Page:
Tuesday, April 27, 2010

Political Incumbency: the poisonous well

Many polls suggest the midterm election of 2010 may break all records and destroy all barriers toward that which had previously been thought impregnable: the relative safety of the incumbency. Over the years incumbents at virtually all levels of government were thought to be nearly untouchable due to several factors, not least of which is the complacency of the electorate. And this complacency has been shown to show a distinctive advantage to one single factor: name recognition inherent to the incumbent.

The sad fact is that many voters simply don't pay that much attention to government unless or until they are directly and adversely affected by public policy - or until they get a chain e-mail that is, at best, only half true and, at worst, blatantly false but nevertheless appeals to one's raw emotions such as President Obama "cancelling" National Prayer Day. This, however, does not stop these arm-chair politicians from resending this e-mail to every address they have. So when election season rolls around, we are treated (or inundated) with political ads that are as distasteful as they are useless to the discerning voter because experienced political advisers know that the general population of voters pays more attention to to sound bites than substance. They go for the easy feed, the quick snack, rather than the full meal. Senator Blanche Lincoln, D-AR, is up for reelection, and my TV is constantly showing a commercial surely endorsed by Sen. Lincoln and her crew doing nothing more than disparaging her Democratic opponent for the primary. Once in awhile we see a commercial for Lincoln showcasing her position as chair of the Agriculture Committee and touting her past, but there is no talk about what is in store for us henceforth. So we are left with this conclusion: the future with any incumbent means more of the same. Period. It has been true for years, and it will continue to be true.

Albert Einstein is quoted as having once said, "The definition of insanity is doing the same thing over and over again but expecting different results." Are we a nation gone mad? Have we truly lost our collective mind so much so that we will gripe and complain about the current situation, however we may be directly or indirectly affected, but then reelect the same politicians over and again? All indications are this is exactly what we do and, ultimately, who we really are. And why do we continue to shoot ourselves in the foot? Fear. Purely and simply, we are afraid of the unknown, so for good or bad we reward mediocrity. Incumbents convince us that we "need" their experience and that we will be utterly lost without them.

Lincoln is playing up her chair in the Agriculture Committee by coming dangerously close to suggesting Arkansas farmers will go under if she loses that chair. Small, family-owned and operated farms in Arkansas have been going under for years, and Mrs. Lincoln is asking for a third term. This means she is wrapping up twelve years in the US Senate before which she also served a couple of terms in the US House of Representatives.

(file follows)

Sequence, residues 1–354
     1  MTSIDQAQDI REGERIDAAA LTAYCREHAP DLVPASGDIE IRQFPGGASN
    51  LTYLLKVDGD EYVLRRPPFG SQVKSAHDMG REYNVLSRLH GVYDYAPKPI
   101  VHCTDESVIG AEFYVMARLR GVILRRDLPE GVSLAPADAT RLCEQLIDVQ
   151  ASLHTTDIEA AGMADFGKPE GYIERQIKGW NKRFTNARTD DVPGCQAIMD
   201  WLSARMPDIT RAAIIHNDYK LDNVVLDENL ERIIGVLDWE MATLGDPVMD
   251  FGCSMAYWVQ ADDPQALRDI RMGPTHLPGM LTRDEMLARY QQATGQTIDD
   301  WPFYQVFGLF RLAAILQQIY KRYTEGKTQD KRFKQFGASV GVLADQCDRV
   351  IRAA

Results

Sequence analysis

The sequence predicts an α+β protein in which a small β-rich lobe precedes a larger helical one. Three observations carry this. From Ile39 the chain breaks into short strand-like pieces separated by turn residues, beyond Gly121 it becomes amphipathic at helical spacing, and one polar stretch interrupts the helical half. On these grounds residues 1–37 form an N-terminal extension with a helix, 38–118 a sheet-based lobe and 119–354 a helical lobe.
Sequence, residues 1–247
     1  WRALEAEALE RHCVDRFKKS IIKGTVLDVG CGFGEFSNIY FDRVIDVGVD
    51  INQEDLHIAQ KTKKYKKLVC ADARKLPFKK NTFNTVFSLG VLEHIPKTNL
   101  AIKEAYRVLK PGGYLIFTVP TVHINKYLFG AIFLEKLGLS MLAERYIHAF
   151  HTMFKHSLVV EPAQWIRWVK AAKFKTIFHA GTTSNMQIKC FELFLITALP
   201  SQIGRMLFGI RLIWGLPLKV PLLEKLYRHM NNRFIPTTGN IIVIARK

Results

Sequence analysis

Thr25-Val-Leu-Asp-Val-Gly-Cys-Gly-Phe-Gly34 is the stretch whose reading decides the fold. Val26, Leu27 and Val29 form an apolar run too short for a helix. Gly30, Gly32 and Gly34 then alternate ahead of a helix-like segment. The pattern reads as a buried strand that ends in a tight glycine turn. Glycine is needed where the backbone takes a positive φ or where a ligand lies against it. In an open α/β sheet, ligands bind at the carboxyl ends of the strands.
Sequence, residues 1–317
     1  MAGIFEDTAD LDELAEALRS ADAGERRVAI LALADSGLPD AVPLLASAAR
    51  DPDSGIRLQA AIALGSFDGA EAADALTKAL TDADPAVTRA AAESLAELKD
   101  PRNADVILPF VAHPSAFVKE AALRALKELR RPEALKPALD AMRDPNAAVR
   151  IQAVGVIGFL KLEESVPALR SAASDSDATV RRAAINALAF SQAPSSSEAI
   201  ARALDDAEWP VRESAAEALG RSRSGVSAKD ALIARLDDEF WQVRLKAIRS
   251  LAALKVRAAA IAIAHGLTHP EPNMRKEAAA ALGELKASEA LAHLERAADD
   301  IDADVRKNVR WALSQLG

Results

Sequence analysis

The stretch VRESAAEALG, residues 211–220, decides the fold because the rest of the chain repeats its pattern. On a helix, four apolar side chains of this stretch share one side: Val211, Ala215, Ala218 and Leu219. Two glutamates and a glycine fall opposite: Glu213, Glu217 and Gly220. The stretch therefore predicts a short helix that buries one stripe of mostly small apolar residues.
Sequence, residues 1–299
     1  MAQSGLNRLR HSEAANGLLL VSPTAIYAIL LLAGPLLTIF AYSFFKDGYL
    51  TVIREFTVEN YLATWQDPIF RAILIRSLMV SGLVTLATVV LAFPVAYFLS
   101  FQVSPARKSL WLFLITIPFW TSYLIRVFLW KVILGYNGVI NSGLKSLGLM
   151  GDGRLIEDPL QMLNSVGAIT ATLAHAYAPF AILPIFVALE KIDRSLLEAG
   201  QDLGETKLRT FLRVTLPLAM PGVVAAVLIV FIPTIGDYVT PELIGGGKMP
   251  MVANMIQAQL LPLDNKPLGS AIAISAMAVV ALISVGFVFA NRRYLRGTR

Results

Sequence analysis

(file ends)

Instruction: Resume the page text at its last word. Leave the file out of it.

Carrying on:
Let me not put too much emphasis on Mrs. Lincoln, however, lest my entire point be lost because her incumbency alone is no more a problem than the competition she faces not only in the Democratic primary but in the general election should she win her party's nomination. In the Democratic primary, she faces Arkansas' lieutenant governor (another incumbent, just on another level), and among the Republicans seeking to unseat her is an entire field of state-level, though perhaps term-limited, incumbents. It may be a natural progression for idealistic and ambitious, career-minded politicians to move up from one level of government to the other, but is this experience any more useful than what we currently have?

I dare suggest that it is not Democrats or Republicans who are the problem in government even as I am not happy with either party though I lean toward one. Instead, I see a much bigger problem with career-minded politicians whose upward mobility is the primary driving factor behind their desire to continue such work (I hesitate to use the term "service"). In this vein, then, is the biggest problem I see in local, county, state, and national politics: expeditious and essentially lazy legislation designed only for the reelection of an incumbent while putting important work on the "back burner" until after the election.

May we remember that we owe no one such a seat of privilege of representing us merely because of their length of time on the public dole (again, note the absence of the term "service"). There are no inherent rewards due a professional politician, and we own them nothing. The only way this Congress, these state legislatures, these city and county councils and boards will ever understand who really is in charge is if/when they are "fired". But until such time as this ideal ever comes to fruition, expect more of the same regardless of the party in majority.

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